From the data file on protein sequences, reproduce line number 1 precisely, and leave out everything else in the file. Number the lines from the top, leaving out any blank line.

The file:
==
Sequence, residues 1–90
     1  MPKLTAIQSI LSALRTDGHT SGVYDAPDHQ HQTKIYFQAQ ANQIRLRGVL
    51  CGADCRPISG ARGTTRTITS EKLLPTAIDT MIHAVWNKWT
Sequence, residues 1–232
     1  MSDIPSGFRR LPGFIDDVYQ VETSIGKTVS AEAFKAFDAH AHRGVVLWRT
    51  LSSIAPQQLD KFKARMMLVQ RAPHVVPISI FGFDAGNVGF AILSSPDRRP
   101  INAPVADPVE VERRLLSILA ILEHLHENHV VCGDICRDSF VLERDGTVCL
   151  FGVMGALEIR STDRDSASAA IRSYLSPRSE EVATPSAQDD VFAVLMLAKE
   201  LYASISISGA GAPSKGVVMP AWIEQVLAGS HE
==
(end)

Sequence, residues 1–90